Could York become a major destination for fashionistas?

PUBLISHED: 00:00 02 May 2016 | UPDATED: 15:45 02 May 2016

Lisa Byrne

Lisa Byrne

not Archant

Our style-conscious columnist welcomes the latest trends on the streets of York.

TIME TO SLAP on a pair of oversized Prada shades and practice perfecting your air kissing as York, our glorious historic county town, looks set to launch its own fashion week from 2018. Yes, for far too long style has revolved around London, Paris, Milan and that place across the pond which stole our name. Now there’s a strong drive to show what an on-trend county Yorkshire is, but it’s something I’ve known for a long time. Despite living in London for years and having some of the country’s top designers on speed dial - one of the few perks of editing a top celebrity magazine - I relished my trips back home to Yorkshire to revamp the wardrobe, in a much calmer environment than the horror that is Oxford Street.

The Jimmy Choo-heeled fash pack will descend on the old capital of the north for the spectacular Fashion City York, which it is hoped will evolve into an annual fashion week. As we went to print, a pop-up catwalk was planned in Stonegate, a Fashion Village marquee to take over Parliament Street and Browns store’s super hot Jockey model Gavin was set to raise temperatures parading around in his smalls. The festival, run by a small group of dedicated volunteers including Angela Horner, the associate director at Browns, was to kick off with an uber chic catwalk show hosted by Fenwicks and I can’t wait to take my front row seat. The only problem is what to wear? Because fashion people can be terrible fussy.

One of my most surreal fashion experiences was in New York during one February fashion week. I had been sent by OK! Magazine to cover the most glamorous event of the year, the VH1/Vogue show. It was my first visit to the States, but my frenzied excitement turned to blind panic as I stood alone by the luggage conveyer belt at JFK. It appeared that my suitcase, in which I had invested a ridiculous amount of time and money planning a chic NYC wardrobe, had disappeared.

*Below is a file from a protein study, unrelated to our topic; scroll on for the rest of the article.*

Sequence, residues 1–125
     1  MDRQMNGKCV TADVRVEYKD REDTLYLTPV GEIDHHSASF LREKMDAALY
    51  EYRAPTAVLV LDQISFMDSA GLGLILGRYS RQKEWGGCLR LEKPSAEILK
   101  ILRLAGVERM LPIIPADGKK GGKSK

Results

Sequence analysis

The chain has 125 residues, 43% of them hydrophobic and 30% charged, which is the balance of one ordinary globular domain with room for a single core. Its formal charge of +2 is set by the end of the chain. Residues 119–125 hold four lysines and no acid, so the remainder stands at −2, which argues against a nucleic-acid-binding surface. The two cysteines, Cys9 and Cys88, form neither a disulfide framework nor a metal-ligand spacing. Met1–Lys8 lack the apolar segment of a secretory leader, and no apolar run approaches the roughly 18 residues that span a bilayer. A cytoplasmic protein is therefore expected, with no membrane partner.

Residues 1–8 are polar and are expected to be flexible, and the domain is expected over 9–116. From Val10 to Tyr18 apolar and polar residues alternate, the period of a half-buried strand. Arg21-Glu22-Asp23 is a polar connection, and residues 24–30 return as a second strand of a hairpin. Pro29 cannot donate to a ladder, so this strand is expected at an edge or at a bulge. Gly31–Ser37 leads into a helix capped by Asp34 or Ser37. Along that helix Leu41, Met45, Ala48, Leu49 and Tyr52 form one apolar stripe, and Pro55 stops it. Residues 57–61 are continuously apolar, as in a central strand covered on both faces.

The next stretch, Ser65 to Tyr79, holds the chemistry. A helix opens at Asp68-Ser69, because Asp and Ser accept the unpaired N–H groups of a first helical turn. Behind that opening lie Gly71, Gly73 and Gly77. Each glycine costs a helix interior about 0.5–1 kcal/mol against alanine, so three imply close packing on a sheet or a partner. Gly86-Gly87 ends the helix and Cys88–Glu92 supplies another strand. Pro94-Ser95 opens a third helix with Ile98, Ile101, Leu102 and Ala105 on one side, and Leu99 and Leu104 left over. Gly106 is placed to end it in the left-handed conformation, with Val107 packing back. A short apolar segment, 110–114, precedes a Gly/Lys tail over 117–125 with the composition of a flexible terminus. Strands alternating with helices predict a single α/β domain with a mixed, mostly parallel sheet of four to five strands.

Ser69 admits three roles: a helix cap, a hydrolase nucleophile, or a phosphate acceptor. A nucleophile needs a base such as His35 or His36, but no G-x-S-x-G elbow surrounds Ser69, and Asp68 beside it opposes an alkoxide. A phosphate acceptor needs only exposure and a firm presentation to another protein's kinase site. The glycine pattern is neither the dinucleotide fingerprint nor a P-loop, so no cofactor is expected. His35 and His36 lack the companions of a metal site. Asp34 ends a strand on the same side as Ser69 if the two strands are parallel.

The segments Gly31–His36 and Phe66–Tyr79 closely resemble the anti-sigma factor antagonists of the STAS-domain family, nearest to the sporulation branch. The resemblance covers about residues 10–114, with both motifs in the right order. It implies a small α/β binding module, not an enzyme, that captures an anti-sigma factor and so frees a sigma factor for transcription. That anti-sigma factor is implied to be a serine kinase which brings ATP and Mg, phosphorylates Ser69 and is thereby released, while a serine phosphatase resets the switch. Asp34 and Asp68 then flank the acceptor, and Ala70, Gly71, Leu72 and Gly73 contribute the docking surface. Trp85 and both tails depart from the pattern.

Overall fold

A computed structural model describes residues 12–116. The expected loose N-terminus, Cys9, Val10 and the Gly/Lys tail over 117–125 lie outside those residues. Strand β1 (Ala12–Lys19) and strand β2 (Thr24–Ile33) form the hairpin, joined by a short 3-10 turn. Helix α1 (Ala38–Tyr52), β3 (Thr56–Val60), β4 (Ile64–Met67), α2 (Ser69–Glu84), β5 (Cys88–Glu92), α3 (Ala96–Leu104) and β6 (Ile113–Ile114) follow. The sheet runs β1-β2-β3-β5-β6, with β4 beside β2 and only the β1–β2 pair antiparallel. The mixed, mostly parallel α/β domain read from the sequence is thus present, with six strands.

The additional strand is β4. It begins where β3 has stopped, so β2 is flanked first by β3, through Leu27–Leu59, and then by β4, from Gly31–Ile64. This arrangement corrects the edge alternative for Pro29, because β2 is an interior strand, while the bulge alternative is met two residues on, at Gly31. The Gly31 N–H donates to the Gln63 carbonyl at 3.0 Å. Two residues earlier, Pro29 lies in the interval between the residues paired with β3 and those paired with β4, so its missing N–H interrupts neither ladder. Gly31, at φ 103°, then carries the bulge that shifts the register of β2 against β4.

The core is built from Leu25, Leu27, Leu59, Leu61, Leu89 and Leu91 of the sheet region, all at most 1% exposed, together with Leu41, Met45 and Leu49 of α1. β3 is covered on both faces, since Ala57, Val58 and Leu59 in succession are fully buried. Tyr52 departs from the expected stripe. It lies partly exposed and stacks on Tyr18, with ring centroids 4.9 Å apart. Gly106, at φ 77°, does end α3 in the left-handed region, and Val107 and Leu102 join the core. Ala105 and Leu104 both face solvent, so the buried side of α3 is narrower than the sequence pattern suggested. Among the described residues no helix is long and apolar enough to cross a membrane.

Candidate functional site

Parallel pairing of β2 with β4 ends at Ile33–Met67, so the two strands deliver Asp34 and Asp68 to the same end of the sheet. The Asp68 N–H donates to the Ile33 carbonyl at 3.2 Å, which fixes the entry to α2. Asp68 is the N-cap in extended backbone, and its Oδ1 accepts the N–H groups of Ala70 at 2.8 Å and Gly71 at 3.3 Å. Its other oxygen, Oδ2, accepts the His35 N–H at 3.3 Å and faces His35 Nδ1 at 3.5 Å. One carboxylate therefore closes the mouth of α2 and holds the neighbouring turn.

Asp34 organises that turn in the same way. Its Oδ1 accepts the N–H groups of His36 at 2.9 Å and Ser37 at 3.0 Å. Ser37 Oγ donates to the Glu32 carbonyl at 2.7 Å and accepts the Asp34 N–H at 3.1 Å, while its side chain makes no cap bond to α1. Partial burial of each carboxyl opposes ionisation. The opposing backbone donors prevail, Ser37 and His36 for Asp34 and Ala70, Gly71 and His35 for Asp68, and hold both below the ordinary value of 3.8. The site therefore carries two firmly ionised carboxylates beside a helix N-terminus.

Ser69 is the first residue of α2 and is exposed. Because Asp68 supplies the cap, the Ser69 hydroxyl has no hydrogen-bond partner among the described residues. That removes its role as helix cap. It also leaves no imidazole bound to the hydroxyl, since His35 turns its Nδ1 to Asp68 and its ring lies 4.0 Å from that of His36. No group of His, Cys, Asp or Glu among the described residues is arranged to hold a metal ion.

On a tiny budget and with just one hour before the show, I rushed into the nearest clothes store (think brightly lit Methodist Church jumble sale) and grabbed a black, full-length flannel dress for $10. Running from the hotel to the red carpet I joined the cramped press pen outside Madison Square Garden. In the Arctic conditions I could have frozen to death, but thankfully the psychotically aggressive American photographers kept me alive by repeatedly bashing me over the head with their cameras while attempting to get the money shot.

The growing crowd of hysterical New Yorkers screamed as Madonna glided past hand in hand with Stella McCartney followed by goddess-like Jennifer Lopez and Pamela Anderson, letting her assets hang out much to the joy of the paparazzi. Home-grown talent Victoria Beckham and Emma Bunton, clad in equally flimsy gowns, sympathised with me shivering in the icy weather. Victoria gushed that she couldn’t wait for the show, but then confided that she was really looking forward to drinking tea and eating marmite on toast in the warmth of her hotel room (in those days she ate carbs).

Once inside I was bellowed at by a bouncer who screamed, ‘MOVE! You’re blocking the path of John Galliano’s muse,’ before a crazed-looking creature, resembling a demented scarecrow sauntered past. And so it continued. The air kissing and tedious fake praise for rather garish outfits. The show was amazing with performances from Beyonce and Mariah Carey and all the stars traipsed to the after party at the hip Hudson Hotel, including a sedate Sir Paul McCartney, who sipped wine and played pool in a quiet corner. As I queued at the bar, a man who looked like an extra from Zoolander turned to me and screeched, ‘Oh my gawd! your Prada dress is divine, I love Prada!’ I was worried the poor love would throw up when I smiled and named the $10 couturier that had produced this rag. Thankfully, I have a feeling Fashion City York will be a much more down-to-earth affair!

Follow Lisa Byrne on twitter @LisaByrnePR

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